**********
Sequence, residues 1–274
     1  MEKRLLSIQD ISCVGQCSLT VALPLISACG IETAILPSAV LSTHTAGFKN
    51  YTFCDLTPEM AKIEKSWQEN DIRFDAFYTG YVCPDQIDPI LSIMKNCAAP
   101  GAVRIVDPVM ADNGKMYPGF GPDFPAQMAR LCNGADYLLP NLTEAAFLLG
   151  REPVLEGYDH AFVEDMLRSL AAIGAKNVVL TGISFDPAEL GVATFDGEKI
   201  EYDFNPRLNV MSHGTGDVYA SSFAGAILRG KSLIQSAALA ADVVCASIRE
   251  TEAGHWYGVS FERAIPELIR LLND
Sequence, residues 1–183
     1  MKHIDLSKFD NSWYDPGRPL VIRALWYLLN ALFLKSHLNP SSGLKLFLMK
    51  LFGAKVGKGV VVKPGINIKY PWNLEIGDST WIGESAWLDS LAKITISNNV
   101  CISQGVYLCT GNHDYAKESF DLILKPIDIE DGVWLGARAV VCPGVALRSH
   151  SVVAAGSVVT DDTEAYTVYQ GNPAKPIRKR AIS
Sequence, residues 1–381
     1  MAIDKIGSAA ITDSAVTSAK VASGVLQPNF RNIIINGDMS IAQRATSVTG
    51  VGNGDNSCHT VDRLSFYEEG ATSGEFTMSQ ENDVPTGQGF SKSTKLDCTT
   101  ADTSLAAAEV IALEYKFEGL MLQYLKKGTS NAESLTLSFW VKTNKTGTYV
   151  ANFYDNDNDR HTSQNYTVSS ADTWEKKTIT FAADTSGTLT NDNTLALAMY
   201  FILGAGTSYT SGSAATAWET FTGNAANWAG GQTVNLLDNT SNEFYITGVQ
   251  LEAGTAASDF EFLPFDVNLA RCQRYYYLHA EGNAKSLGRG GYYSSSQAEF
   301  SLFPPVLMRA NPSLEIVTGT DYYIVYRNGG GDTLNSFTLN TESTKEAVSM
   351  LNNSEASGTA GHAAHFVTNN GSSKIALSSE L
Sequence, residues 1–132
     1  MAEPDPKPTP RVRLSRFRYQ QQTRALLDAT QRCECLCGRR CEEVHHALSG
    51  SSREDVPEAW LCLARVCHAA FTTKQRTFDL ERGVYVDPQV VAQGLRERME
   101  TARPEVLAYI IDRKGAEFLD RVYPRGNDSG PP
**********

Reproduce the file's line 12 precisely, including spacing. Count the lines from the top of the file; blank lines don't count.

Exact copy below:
   151  SVVAAGSVVT DDTEAYTVYQ GNPAKPIRKR AIS